The Real Cool Killers is a 1959 novel from Chester Himes's Harlem Detective series featuring Coffin Ed Johnson and Grave Digger Jones (just those names make me want to read the book). Himes is a black writer who started publishing short stories while serving time in prison for armed robbery convictions. His work is still seen as having been quite influential in the genre, and after leaving prison and moving to Europe for the rest of his life, his books were popular there as well. I've never read Himes, so I don't know know what to expect.

Hard to believe, but Not Dark Yet is book number twenty-seven in Peter Robinson's DCI Banks series. Banks is a Yorkshire cop I've not completely warmed up to despite now having read the first five and the last two books in the series. I do have to say that I've enjoyed the last two more than I did those at the beginning of the series, so I'm hoping that this one works well for me. I think my problem with the books has been that so little of Banks's personal life is shared with the reader. The novels are, however, excellent police procedurals.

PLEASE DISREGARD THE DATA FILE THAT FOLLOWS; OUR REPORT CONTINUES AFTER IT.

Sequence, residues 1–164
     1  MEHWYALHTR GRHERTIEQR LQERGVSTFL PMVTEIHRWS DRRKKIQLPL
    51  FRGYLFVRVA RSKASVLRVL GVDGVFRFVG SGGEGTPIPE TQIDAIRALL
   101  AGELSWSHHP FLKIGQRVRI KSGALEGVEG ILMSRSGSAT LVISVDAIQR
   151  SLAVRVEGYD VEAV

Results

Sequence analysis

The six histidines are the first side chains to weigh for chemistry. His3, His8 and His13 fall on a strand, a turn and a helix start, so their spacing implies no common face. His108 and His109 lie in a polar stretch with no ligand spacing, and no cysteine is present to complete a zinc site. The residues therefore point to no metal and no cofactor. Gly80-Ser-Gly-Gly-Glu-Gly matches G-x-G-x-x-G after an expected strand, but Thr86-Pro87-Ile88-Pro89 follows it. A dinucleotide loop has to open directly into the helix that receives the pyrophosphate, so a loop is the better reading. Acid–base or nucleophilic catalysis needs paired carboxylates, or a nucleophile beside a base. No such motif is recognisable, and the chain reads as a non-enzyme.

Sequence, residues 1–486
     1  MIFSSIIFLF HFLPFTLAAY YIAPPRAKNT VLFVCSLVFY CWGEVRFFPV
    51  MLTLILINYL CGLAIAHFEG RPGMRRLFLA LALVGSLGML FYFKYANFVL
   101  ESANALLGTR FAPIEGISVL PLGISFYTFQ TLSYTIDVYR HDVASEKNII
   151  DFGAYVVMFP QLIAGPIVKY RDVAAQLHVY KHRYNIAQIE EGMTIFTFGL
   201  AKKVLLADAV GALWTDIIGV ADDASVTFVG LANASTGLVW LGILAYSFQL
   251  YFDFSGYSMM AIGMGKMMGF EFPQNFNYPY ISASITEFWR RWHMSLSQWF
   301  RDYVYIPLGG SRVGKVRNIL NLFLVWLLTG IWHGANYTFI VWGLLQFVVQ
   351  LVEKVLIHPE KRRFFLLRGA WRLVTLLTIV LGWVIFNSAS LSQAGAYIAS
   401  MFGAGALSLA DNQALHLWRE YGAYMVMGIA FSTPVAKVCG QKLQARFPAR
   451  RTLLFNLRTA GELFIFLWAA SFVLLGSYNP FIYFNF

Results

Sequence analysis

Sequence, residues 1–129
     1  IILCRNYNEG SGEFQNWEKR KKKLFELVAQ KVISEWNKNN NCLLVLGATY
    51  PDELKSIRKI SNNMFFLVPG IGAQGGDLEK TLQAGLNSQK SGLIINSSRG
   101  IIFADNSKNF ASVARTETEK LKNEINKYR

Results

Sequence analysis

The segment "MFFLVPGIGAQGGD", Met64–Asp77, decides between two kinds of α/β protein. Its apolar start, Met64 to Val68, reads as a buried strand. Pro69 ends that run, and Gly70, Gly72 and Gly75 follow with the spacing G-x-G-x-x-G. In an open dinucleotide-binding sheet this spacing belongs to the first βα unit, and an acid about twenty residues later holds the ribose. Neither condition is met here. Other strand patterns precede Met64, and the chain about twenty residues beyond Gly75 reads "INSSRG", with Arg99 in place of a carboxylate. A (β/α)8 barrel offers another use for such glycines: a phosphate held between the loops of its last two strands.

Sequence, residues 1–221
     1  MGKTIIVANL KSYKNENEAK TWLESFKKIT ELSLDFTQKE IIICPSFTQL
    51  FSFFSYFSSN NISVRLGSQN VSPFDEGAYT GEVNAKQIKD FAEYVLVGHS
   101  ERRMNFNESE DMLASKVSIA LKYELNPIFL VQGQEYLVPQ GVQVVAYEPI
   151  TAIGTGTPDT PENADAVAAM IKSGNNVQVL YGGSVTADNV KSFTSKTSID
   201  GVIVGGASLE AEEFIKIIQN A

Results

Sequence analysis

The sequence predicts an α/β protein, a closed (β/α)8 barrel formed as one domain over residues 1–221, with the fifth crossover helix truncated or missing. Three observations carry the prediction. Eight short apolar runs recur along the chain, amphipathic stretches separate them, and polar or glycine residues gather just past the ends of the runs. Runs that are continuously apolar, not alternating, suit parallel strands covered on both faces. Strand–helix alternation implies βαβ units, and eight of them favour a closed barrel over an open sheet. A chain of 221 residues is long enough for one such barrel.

I've read and enjoyed several of Mike Bond's books in the past, and I've just recently received a review copy of his new one, America: Volume 1. The novel is the first book in a seven-book series via which Bond plans to explore life in America decade-by-decade beginning here with the 1960s. It focuses on two couples who come of age during that decade and how such a volatile time changed and influenced them for the rest of their lives. This was my own coming-of-age decade, so I'm curious to see what Bond has to say about it.

The infamous Blake Bailey biography of Philip Roth arrived yesterday as Amazon promised, and I've already taken a quick look at it. I'm impressed with the physical quality of the book, including its approximately 100 photos, and its organization. But Philip Roth: The Biography is over 800 pages long, so it is unlikely that I will finish it during May. It will most likely instead turn into a multi-month read much like Lonesome Dove has done. Yes, Blake Bailey may very well turn out to be the criminal he is accused of being...not his book.